With spring drills officially over, I think we all understand that we’re all in for a long haul, six weeks in total, between the end of minicamp and the start of training camp. You know the drill. There’s little new information coming out during this period, so it serves as the perfect time both to look back, and to look ahead.
We’re going to be focusing mostly on the latter as we prepare—ever so patiently, of course—for training camp. The Pittsburgh Steelers right now have a fairly young roster with inexperienced players that they are hoping to take on a bigger role. The problem is that in many cases, they are still waiting on those players to show them something, and that is the focus of that series—as well as the occasional veteran with lingering questions.
Show me something, Chris Hubbard.
I don’t think it would be hard to imagine Chris Hubbard as perhaps one of the less popular players on the roster among fans. Though he has spent the past three seasons on the 53-man roster (2014 and 2015) or the practice squad (2013), the former undrafted free agent is far from the fan favorite that somebody like B.J. Finney has proven to be.
But it’s Finney, and not Hubbard, as the one looking up to his competition, as Hubbard is the one with the roster spot, and Finney the one looking to take that spot for himself. Either way, it is essential that the Steelers unveil some quality depth along the interior offensive line, and soon, considering Cody Wallace is already 31.
Hubbard and Finney appear to be the next two players in the running for the ninth roster spot along the offensive line. Hubbard has been on the roster for the past two years, and thus has a bit of an advantage, but he is far from a proven commodity.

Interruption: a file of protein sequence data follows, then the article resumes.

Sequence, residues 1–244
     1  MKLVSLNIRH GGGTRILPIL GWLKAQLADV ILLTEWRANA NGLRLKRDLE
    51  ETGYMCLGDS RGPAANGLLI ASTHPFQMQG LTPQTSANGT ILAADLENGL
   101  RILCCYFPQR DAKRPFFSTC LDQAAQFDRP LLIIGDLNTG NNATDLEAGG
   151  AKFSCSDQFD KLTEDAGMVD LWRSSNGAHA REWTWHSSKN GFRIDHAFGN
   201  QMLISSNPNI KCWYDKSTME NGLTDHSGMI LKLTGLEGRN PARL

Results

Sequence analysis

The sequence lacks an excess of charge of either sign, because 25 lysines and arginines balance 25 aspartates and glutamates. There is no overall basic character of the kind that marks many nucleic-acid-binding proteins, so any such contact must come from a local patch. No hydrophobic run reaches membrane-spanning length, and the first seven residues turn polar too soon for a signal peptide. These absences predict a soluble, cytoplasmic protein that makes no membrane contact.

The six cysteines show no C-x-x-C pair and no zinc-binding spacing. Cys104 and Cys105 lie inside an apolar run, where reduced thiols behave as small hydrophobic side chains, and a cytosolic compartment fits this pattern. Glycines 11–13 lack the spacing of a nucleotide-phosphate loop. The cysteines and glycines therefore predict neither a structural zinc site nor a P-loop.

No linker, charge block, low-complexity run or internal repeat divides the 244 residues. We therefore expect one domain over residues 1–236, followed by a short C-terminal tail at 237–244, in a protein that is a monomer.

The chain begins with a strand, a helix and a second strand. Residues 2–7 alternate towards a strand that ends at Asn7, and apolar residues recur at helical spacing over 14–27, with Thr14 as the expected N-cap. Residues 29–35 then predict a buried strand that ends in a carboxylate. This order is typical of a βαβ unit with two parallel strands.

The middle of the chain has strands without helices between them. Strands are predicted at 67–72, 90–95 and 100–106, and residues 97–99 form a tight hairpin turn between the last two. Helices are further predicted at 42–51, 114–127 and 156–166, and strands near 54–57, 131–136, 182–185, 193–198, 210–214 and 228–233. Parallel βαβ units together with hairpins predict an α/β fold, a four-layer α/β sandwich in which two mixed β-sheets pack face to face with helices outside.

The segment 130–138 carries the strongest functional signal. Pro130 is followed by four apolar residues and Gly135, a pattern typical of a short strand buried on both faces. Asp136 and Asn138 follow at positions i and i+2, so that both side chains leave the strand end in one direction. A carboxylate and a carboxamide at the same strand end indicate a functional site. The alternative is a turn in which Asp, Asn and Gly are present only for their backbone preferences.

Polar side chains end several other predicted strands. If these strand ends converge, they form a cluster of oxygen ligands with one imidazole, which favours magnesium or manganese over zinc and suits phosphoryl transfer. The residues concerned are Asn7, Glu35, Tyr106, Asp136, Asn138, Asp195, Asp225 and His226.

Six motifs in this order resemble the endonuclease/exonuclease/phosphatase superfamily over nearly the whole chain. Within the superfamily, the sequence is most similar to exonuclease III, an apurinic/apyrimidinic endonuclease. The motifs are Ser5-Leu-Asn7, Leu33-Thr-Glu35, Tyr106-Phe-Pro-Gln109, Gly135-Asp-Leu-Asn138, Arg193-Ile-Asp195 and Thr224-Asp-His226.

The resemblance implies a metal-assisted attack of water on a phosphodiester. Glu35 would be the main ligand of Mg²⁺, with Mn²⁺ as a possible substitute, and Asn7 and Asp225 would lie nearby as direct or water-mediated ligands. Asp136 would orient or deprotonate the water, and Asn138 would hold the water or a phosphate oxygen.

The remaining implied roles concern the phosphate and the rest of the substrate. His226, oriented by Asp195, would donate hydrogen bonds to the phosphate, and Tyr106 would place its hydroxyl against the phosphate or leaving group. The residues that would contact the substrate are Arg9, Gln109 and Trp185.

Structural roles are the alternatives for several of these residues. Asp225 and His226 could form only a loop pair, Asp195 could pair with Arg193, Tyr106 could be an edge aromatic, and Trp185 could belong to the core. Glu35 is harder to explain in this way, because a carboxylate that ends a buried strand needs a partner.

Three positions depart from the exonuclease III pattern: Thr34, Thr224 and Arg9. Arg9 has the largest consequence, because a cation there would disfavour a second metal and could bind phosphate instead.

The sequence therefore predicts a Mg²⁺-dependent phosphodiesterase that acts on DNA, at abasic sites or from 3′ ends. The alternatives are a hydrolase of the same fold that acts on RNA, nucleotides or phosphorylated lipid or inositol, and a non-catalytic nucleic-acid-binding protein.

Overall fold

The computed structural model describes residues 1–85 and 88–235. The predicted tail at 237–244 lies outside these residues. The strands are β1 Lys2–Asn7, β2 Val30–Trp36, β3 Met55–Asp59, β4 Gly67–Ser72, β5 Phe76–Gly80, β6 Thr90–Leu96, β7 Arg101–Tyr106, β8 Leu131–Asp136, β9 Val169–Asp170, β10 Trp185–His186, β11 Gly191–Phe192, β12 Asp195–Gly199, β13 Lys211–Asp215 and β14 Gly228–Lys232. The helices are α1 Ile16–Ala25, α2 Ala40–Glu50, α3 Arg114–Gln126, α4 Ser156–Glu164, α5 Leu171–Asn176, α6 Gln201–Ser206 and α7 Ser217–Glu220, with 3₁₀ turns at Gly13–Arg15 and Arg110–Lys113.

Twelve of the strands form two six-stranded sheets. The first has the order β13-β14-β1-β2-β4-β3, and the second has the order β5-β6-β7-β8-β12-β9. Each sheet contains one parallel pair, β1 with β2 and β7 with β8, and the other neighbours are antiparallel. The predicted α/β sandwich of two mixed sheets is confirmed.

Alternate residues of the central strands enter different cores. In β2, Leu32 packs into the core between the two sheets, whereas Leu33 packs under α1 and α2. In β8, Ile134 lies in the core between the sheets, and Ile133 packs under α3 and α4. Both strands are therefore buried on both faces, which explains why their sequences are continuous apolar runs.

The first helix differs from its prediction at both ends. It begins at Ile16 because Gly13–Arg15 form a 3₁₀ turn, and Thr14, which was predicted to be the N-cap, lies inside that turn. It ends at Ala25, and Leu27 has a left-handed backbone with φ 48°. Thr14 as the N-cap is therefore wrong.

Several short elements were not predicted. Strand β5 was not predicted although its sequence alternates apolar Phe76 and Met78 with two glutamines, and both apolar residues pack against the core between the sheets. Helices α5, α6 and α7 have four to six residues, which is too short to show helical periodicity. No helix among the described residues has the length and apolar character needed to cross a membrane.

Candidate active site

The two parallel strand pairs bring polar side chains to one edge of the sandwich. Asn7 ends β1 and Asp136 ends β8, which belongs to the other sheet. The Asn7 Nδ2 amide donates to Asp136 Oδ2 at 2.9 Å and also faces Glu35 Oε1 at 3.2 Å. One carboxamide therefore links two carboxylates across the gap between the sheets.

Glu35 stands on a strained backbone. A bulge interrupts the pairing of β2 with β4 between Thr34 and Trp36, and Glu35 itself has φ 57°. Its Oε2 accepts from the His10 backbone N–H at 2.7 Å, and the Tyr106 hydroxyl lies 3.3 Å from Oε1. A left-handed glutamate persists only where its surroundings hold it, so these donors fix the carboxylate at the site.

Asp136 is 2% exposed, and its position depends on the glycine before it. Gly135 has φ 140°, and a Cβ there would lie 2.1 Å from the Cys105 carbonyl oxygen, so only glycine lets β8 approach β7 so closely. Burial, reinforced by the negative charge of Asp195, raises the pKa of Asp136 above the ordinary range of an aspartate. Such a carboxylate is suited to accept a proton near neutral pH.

In particular, and of particular concern, is the fact that he seemed to regress in a significant way in his third preseason last year, during which the team seemed to be feeding him snaps at the center position, which is not his natural position.
In spite of his poor play in the exhibition segment of the year, and partly due to injuries, Hubbard made the roster and spent most of the year active, ultimately becoming the top backup at all position due to further injuries.
Fortunately for the Steelers, however, the line ultimately stayed healthy from that point forward and was only asked to play a handful of snaps at left tackle, where he actually played fine. He also logged a couple dozen snaps as a tackle-eligible tight end, where he found relative but inconsistent success.
But Hubbard really needs to show the Steelers this year during the preseason that he is a player that they can put in the starting lineup if need by and trust that he can do an adequate job of holding himself together. I would imagine, and hope, that the coaching staff is not necessarily quite there just yet with him.
Besides, he will have to earn his roster spot with Finney breathing down his neck. After spending the year on the practice squad, and ultimately being paid the equivalent of a rostered salary, it figures that the team views him as a player with a legitimate shot at the roster.